Elvio Herbert Sadun (December 9, 1918 – April 23, 1974) was an Italian-American parasitologist. Educated at Harvard and Johns Hopkins University (ScD, zoology), he conducted most of his research as Chief of Medical Zoology at the Walter Reed Army Institute of Research (1959–1973).[1] A prolific scientist, he wrote or edited 3 books and 313 peer-reviewed articles in the fields of immunology and tropical medicine, and is known for the first application of fluorescent antibody imaging in the diagnosis of parasitic diseases.[2]

Elvio Sadun
Born(1918-12-09)December 9, 1918
Livorno, Italy
DiedApril 23, 1974(1974-04-23) (aged 55)
Known forSchistosomiasis, malaria[1]
ChildrenAlfredo Sadun, Alberto Sadun, Lorenzo Sadun
AwardsHenry Baldwin Ward Medal in 1961
Scientific career
FieldsTropical medicine


Memorial plaque in honour of Elvio Sadun in the library of the International Livestock Research Institute, Nairobi

Sadun was born in Livorno, Italy to a prominent Jewish family. As a Jew, Sadun escaped from Italy and immigrated to the U.S. in 1939 where he began graduate work in zoology at Harvard University. The outbreak of World War II brought him back to Italy with the US Army, and he became director of the Italian Radio Network under Allied Command, which would later become part of the Armed Forces Network. This was a means for him to stay in constant communication with the Italian partisans and allowed him to communicate secret instructions for the surrender of the Italian Navy in Malta.[3] He accomplished this as a sergeant in the Army at the time of the surrender.

After the war, Sadun returned to Johns Hopkins and became a parasitologist. He married Lina Ottolenghi, another Italian Jewish refugee, in 1949. They had three children, Alfredo, Alberto, and Lorenzo, all of whom became university academics. In 1974, shortly after founding the International Laboratory for Research on Animal Diseases in Nairobi, he died from liver cancer in Washington, D.C. The Elvio Sadun Library at the International Livestock Research Institute in Nairobi is named in his honour.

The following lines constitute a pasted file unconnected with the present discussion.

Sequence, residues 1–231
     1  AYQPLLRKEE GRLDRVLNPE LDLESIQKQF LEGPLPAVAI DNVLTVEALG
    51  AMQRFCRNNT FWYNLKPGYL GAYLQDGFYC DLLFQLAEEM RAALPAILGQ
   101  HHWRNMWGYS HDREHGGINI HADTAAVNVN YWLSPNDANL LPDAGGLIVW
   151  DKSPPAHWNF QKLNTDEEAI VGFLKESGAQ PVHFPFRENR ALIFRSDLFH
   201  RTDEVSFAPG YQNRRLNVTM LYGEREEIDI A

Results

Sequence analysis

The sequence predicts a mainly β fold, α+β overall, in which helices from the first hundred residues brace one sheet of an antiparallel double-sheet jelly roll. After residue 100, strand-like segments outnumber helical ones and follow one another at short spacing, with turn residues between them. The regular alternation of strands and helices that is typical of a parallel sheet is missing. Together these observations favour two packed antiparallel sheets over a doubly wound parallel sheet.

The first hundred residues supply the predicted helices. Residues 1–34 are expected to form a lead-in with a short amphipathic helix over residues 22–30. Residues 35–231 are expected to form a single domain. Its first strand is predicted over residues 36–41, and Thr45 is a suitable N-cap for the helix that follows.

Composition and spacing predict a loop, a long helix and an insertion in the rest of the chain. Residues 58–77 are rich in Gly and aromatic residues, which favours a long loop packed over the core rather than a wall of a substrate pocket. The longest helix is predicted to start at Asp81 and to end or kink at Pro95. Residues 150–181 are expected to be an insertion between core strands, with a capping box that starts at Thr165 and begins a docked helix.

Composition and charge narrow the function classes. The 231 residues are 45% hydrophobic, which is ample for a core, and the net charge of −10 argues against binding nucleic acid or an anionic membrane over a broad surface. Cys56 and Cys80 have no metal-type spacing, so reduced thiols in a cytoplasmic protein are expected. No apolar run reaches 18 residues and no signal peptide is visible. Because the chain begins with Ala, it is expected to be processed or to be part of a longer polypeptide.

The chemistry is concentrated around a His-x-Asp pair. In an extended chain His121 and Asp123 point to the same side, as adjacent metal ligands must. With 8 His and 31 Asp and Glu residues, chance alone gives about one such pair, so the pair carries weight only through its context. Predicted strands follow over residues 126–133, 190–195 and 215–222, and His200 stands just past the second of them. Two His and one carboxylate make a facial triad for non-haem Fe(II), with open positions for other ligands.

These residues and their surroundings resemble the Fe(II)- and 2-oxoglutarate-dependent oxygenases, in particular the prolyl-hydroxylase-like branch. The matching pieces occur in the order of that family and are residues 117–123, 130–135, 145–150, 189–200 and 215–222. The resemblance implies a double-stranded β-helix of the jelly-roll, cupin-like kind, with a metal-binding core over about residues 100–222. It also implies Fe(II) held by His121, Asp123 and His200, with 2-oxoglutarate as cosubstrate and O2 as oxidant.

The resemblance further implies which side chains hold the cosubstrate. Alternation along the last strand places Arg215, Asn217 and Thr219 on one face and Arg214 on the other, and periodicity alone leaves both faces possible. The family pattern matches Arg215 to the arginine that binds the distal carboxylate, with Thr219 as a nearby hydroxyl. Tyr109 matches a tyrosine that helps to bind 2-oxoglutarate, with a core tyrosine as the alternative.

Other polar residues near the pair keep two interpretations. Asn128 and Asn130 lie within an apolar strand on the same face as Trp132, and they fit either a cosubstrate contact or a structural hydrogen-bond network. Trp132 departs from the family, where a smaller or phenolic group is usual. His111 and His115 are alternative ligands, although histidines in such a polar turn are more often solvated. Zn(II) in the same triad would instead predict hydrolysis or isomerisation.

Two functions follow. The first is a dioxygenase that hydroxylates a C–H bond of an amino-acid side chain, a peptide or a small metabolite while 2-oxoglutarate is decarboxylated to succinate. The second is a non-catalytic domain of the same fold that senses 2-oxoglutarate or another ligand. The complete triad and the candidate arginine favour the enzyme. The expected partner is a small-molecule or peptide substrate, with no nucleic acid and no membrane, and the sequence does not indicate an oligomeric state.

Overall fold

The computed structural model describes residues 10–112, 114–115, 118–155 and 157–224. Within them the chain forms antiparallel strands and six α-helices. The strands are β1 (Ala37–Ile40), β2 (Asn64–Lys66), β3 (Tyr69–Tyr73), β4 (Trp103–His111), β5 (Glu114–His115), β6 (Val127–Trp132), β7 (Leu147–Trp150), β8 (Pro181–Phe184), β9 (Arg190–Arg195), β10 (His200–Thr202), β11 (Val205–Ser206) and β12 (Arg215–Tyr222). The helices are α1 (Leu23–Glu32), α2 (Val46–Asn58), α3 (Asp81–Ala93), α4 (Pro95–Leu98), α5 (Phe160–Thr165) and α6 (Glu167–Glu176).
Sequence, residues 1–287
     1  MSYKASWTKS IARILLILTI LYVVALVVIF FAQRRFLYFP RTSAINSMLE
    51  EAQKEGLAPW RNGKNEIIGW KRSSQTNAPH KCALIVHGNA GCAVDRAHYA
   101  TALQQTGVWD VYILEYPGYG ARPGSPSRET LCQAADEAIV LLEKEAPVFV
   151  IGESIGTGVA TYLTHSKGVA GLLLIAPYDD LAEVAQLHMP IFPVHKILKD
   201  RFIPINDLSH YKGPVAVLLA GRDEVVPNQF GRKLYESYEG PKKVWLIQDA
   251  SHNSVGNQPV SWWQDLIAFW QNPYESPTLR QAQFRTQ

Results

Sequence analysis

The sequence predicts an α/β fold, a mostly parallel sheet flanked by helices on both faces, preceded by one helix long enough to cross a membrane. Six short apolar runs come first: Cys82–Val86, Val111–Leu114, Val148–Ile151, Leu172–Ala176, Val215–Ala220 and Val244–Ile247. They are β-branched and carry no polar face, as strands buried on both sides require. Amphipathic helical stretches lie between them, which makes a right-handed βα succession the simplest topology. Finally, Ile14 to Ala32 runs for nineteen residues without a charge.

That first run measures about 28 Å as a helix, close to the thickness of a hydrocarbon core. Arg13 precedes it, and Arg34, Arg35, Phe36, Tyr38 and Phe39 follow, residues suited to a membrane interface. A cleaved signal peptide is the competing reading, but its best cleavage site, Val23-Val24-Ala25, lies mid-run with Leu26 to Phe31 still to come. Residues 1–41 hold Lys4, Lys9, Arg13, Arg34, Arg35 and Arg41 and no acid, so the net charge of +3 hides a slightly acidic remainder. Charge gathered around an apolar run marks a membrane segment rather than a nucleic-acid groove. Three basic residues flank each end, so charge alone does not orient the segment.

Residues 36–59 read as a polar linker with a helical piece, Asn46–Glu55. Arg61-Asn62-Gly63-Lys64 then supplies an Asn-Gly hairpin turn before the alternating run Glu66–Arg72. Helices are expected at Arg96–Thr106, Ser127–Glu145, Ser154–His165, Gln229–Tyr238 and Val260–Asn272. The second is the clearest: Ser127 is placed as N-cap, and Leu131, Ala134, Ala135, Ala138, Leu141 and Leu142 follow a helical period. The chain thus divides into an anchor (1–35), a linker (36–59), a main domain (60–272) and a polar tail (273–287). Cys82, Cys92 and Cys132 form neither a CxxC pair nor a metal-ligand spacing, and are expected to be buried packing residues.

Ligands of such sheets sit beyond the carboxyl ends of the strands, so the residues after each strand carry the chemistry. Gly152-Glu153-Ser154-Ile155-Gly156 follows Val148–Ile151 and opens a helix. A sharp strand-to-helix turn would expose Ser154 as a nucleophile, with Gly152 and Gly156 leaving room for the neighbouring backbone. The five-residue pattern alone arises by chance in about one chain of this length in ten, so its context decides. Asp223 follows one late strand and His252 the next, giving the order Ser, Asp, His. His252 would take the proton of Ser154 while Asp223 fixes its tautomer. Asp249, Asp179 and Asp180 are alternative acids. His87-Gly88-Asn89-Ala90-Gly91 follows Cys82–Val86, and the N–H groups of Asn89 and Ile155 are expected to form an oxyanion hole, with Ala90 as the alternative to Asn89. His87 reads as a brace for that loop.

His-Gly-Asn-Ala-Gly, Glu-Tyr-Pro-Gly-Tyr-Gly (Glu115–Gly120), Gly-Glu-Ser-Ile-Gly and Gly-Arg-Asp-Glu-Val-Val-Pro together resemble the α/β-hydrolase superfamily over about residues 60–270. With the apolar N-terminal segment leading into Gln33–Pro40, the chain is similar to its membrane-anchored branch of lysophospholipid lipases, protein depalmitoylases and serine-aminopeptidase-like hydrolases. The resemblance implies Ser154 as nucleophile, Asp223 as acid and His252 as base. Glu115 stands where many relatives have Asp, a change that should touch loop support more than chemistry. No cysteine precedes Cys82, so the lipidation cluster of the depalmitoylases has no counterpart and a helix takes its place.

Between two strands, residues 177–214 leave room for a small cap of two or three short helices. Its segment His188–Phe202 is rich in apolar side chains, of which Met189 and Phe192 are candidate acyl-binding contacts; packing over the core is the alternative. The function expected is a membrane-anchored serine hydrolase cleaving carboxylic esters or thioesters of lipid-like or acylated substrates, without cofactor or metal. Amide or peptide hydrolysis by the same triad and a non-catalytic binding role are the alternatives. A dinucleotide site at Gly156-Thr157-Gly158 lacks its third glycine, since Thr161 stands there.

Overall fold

Sadun's major research was on the human immunologic reaction to parasitic diseases, or more precisely, host-parasite immunological interactions. Sadun made seminal contributions to the epidemiology of several parasitic diseases, immunodiagnostic methods, and was among the first to explore host-parasite relations.[4] He also defined several epidemiological events and helped manage outbreaks of Opisthorchis viverrini in Thailand (1952–1953), of Schistosomiasis japonica in Japan (1957–1958), and of Schistosomiasis haematobia in Egypt (1970). In 1960, he and two other researchers were the first to apply a recently developed technique, fluorescent antibody imaging, to the diagnosis of schistosomiasis.

Sadun held faculty positions at several universities before joining the U.S. Public Health Service and later the Centers for Disease Control (CDC). He became Chief of Zoology at the Walter Reed Army Institute of Research (WRAIR) where he conducted investigations in many areas of parasitology, and managed the US Malaria program. He helped to organize and fund, through WRAIR, a major program for basic and applied research in malaria in the mid 1960s which led to at least two effective antimalarial therapies.[5] In 1972 he organized, with support from the Ford and Rockefeller Foundations, a number of countries into a consortium to form a major new institute: The International Laboratory for Research on Animal Diseases (ILRAD) in Nairobi, Africa. Sadun became the founding director shortly before he died.


Sadun received four major medals for his research in parasitology and tropical medicine. In 1961 he received the Henry Baldwin Ward Medal,[6] the highest award of the American Society of Parasitologists.[7] In 1968 he received the Department of the Army Decoration for Exceptional Civilian Service,[4] in 1973 he received the Helminthological Society of Washington's Anniversary Award,[8] and in 1974 he was posthumously awarded the Department of Defense Distinguished Civilian Service Award.[4] In 1999, a tree was dedicated in his honor in the Jerusalem Peace Forest by Italian president Carlo Azeglio Ciampi.[9]


  1. ^ a b "Home".
  2. ^ Sadun, E.H, Williams, J.S, Anderson, R.I. Fluorescent antibody technic for sero-diagnosis of schistosomiasis in humans. Proceedings for the Society of Experimental Biology and Medicine. Volume 105, pages 289-91. 1960 November.
  3. ^ Wellard, James. "Italian Surrender Cheered in Malta." The New York Times, 13 September 1943. Print.
  4. ^ a b c Paul P. Weinstein, "Elvio Herbert Sadun: 9 December 1918-23 April 1974". The Journal of Parasitology, Volume 60, Number 6 (December 1974), pages 897-899.
  5. ^ Sherman, Irwin W. Reflections on a Century of Malaria Biochemistry. London: Academic, 2008. page 17. Print.
  6. ^ The Henry Baldwin Ward Medal, brief history and list of awardees, http://www.k-state.edu/parasitology/wardmedal.html
  7. ^ http://asp.unl.edu
  8. ^ http://www.helmsoc.org/anaward.html[dead link]
  9. ^ "Discorso del Presidente Ciampi".